BALTIMORE — A new exhibit will be unveiled at the Maryland Museum of Military History on Tuesday, February 13, 2018 at 10 a.m. to celebrate Black History Month.
To honor one of Maryland’s finest soldiers, Augustus Walley, the exhibit will be officially opened by Major General Linda L. Singh, the Adjutant General of Maryland, who will also make brief remarks. The Museum’s ‘Gilded Age’ room will be named for Walley and include a museum-grade mannequin in his likeness, outfitted in a U.S. Cavalry uniform.
The celebration, which is open to the public, will include a Maryland National Guard quartet performing the National Anthem. Local “Buffalo Soldier” veterans groups have been invited to participate and Maryland National Guardsmen will be available to answer all questions.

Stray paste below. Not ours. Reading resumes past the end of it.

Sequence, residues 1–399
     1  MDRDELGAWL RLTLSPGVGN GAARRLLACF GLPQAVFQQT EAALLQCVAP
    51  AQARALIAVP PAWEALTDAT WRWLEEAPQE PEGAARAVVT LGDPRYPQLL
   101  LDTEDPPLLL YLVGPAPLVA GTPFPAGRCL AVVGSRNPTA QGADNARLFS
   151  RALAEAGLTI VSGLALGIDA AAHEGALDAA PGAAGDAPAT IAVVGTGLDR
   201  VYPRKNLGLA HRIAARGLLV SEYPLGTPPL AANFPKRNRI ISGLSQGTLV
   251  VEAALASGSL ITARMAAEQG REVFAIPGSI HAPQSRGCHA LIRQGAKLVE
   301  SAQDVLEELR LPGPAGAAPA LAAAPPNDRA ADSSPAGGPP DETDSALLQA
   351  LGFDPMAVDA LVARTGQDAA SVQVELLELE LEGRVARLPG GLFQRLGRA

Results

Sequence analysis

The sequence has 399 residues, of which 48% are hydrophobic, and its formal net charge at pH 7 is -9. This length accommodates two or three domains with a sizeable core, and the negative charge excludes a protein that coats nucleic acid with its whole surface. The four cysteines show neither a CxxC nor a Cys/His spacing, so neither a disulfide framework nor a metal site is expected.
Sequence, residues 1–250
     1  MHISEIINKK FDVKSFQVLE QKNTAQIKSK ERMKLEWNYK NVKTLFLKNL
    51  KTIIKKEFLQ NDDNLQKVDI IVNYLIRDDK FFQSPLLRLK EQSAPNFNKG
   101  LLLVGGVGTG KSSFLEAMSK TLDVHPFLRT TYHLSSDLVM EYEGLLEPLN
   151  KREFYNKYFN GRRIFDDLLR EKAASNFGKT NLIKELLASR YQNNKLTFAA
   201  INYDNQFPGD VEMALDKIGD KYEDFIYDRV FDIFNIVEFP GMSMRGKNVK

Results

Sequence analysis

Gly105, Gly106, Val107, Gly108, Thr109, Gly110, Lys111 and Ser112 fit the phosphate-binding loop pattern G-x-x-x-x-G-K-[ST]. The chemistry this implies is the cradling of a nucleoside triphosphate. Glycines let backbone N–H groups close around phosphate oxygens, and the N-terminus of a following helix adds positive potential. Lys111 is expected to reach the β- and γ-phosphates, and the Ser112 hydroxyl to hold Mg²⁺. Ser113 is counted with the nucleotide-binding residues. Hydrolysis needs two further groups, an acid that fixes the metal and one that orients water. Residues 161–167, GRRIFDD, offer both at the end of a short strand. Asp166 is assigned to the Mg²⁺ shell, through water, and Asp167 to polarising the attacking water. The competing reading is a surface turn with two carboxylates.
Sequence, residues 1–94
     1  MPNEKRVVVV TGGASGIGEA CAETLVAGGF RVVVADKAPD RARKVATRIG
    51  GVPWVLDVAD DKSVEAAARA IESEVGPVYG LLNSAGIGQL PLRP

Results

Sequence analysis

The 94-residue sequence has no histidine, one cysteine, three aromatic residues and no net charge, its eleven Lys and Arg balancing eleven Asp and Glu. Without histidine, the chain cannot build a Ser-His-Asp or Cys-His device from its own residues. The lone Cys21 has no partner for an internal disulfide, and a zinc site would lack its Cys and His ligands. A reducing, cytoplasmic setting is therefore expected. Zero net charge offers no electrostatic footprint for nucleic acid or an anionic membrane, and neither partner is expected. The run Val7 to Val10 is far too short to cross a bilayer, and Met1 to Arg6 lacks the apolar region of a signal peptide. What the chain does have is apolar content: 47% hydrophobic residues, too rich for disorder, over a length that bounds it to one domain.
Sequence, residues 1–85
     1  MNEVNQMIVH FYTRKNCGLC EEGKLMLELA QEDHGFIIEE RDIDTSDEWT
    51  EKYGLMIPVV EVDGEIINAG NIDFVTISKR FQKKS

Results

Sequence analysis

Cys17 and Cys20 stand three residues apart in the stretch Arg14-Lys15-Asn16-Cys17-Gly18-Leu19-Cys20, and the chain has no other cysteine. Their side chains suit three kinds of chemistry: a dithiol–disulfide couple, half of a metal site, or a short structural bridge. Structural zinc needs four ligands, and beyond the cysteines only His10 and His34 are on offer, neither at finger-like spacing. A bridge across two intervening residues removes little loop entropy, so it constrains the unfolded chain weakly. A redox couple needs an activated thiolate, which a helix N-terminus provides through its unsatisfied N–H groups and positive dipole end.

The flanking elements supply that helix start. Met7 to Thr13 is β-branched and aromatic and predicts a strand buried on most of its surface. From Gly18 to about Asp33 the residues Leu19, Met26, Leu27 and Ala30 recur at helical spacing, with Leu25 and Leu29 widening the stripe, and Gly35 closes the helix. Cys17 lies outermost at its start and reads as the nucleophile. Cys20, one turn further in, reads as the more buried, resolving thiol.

Augustus Walley, a slave from birth until he was nine years old, was born in Reisterstown, Maryland on March 10, 1856. Walley enlisted in the 9th U.S. Cavalry of the U.S. Army in 1878. His unit and other African-American regiments earned the nickname “Buffalo Soldiers” by the Native American tribes who they fought in the Indian Wars.
On August 16, 1881, Walley earned America’s highest military decoration, the Medal of Honor for helping rescue stranded soldiers under heavy fire. Walley, a career soldier, also served in the Spanish–American War, the Philippine–American War, and World War I. He died in 1938 at age 82 and was buried at Saint Luke’s Cemetery in Reisterstown, Maryland.
Also, as a part of the Black History Month celebration, Rosalyn Gaines with the Kuumba Ensemble will portray Cathay Williams, an African-American soldier who enlisted in the U.S. Army under the pseudonym William Cathay, the only documented woman to serve in the U.S. Army posing as a man.
The Maryland Museum of Military History showcases the key role played by Marylanders from the colonial period to present, focusing on the Maryland National Guard and the other four services, branches, including the 29th Division in both World Wars.
The museum is located at 219 – 29th Division Street in Baltimore City.